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Ledger Hack May Have Unintended Side Effects for Victims

On June 25, an unknown party accessed Ledger’s e-commerce database and stole up to 1 million records. The types of records stolen were names and email addresses. At the time, the attack went unnoticed. It wasn’t until July 14, that a whitehat hacker made the bug known through a bug bounty. At this time, Ledger retroactively noticed the vulnerability had been exploited. Ledger immediately took action, and notified its customers through an email. A much smaller subset of customer data containing physical addresses and phone numbers was also stolen. While no hack is a good hack, losing customer postal addresses may have unintended side effects.

hacker sitting in the dark

The Implications of Losing Postal Addresses

In the event that the customer’s postal addresses make it into the hands of organized crime, they could face real danger. This is because a couple of things can be assumed about the individuals.

  1. They bought a ledger hardware wallet
  2. They are holding a non-zero balance of cryptocurrency

The one way to steal cryptocurrency from a hardware wallet is to access it directly. Hardware wallets are by far the safest way to hold cryptocurrency, as they are not connected to the internet. This fact significantly reduces your chances of having your cryptocurrency stolen. Unless someone knows where you and your device are, they are unable to steal your cryptocurrency.

This is precisely the problem with having customer postal information and phone numbers stolen. These two items are the ingredients for a wider scale attack on the subset of ledger users. With the phone number, attackers may try to break into exchanges or services that require 2FA (Two factors authentication). With the postal address, attackers may visit the homes of these individuals directly, and steal their cryptocurrency.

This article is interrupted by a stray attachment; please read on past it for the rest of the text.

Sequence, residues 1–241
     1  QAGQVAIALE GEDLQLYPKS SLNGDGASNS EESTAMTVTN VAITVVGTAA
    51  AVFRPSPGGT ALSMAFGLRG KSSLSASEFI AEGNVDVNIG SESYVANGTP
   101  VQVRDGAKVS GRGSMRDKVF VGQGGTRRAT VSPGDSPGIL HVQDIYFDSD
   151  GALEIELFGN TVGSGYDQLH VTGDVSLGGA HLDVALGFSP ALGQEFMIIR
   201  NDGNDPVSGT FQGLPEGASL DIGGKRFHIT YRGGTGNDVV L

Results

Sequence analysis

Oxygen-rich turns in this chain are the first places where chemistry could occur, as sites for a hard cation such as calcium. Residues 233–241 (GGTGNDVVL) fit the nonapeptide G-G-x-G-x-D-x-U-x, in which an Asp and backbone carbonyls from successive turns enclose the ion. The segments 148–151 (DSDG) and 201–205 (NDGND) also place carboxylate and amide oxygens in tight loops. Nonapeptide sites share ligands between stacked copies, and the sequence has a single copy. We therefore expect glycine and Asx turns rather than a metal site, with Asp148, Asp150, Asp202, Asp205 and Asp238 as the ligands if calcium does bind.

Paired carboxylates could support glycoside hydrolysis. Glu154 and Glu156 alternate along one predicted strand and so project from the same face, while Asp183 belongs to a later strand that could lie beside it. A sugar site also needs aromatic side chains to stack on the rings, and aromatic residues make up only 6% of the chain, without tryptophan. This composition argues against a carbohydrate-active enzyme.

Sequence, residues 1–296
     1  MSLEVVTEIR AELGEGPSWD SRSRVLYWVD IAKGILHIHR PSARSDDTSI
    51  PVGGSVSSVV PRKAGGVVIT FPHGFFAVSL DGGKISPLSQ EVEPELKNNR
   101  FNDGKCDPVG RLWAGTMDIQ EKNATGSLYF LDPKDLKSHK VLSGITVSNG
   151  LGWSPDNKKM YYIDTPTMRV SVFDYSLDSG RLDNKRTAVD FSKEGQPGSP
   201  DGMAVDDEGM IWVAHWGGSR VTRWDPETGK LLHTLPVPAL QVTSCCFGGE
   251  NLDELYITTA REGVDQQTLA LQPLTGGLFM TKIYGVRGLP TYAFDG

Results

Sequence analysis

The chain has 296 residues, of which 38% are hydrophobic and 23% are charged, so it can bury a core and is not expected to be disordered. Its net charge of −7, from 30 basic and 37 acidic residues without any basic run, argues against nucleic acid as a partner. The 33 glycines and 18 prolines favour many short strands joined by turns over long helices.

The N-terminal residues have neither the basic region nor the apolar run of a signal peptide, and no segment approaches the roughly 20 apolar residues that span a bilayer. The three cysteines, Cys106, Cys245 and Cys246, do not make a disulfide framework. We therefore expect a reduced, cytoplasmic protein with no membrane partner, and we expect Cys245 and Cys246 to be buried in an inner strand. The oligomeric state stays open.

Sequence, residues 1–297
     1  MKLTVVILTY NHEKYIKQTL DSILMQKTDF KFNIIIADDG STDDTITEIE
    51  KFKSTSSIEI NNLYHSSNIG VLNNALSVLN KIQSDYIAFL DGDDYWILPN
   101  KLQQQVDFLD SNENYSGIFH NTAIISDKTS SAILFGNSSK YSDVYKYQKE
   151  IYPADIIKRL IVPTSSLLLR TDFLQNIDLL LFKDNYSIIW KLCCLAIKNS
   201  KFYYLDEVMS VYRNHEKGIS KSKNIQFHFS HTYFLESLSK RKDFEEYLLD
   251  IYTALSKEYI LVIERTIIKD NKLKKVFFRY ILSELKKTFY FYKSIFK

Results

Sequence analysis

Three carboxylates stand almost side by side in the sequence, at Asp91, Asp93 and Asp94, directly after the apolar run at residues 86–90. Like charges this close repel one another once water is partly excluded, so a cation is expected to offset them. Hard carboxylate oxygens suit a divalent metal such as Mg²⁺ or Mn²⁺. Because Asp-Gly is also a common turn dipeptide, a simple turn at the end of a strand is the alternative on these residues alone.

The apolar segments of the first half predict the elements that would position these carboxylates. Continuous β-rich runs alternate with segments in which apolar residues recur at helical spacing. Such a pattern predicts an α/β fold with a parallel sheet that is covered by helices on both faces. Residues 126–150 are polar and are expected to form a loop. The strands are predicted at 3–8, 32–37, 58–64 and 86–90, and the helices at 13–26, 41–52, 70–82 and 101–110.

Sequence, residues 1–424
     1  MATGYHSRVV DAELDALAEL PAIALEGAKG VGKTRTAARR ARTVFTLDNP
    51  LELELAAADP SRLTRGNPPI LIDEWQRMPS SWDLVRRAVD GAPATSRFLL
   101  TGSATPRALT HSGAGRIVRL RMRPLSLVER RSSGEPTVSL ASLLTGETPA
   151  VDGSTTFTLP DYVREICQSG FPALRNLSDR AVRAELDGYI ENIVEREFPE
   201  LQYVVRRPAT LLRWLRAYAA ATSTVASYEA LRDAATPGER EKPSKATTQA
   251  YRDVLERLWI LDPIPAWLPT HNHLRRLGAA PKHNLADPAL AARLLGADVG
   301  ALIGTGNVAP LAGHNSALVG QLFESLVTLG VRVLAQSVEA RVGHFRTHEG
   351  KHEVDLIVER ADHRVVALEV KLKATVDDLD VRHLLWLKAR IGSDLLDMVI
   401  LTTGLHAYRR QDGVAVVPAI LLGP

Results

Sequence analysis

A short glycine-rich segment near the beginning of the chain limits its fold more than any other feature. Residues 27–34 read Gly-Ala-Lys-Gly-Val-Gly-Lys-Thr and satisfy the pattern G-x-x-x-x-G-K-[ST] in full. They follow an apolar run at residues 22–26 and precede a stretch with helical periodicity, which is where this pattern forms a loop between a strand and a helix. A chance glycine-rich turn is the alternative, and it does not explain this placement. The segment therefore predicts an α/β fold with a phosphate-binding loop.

What Should Ledger Do?

In this situation, Ledger should notify the individuals whose postal addresses have been stolen. Just like they notified everyone who was compromised in the e-commerce hack, they should infuse greater awareness within the individuals who face greater risk. The second thing that should be done is notify the authorities, and make sure they are aware that this vulnerability could lead to additional action taken by the attackers. Ledger is based in France, and so they have begun to take the corrective action that is suggested above. On July 17, Ledger filed a report with France’s Data Protection Authority. On July 21, Ledger began working with Orange Cyberdefense to determine the best course of action for how to deal with this data breach.

In any reasonable persons estimation these are the best two steps that could have been taken by Ledger. It is always embarrassing when a company selling a secure device gets hacked. The very reputation of the company hinges on the belief that they can implement security properly across their platform. That being said, hackers are very intelligent, and crafty individuals. Hacks happen to some of the biggest, and best companies in the world. At the very least, when a hack does happen, we expect that the company owns up to it. We expect that they take the necessary actions required to remedy the situation and prevent unintended side effects.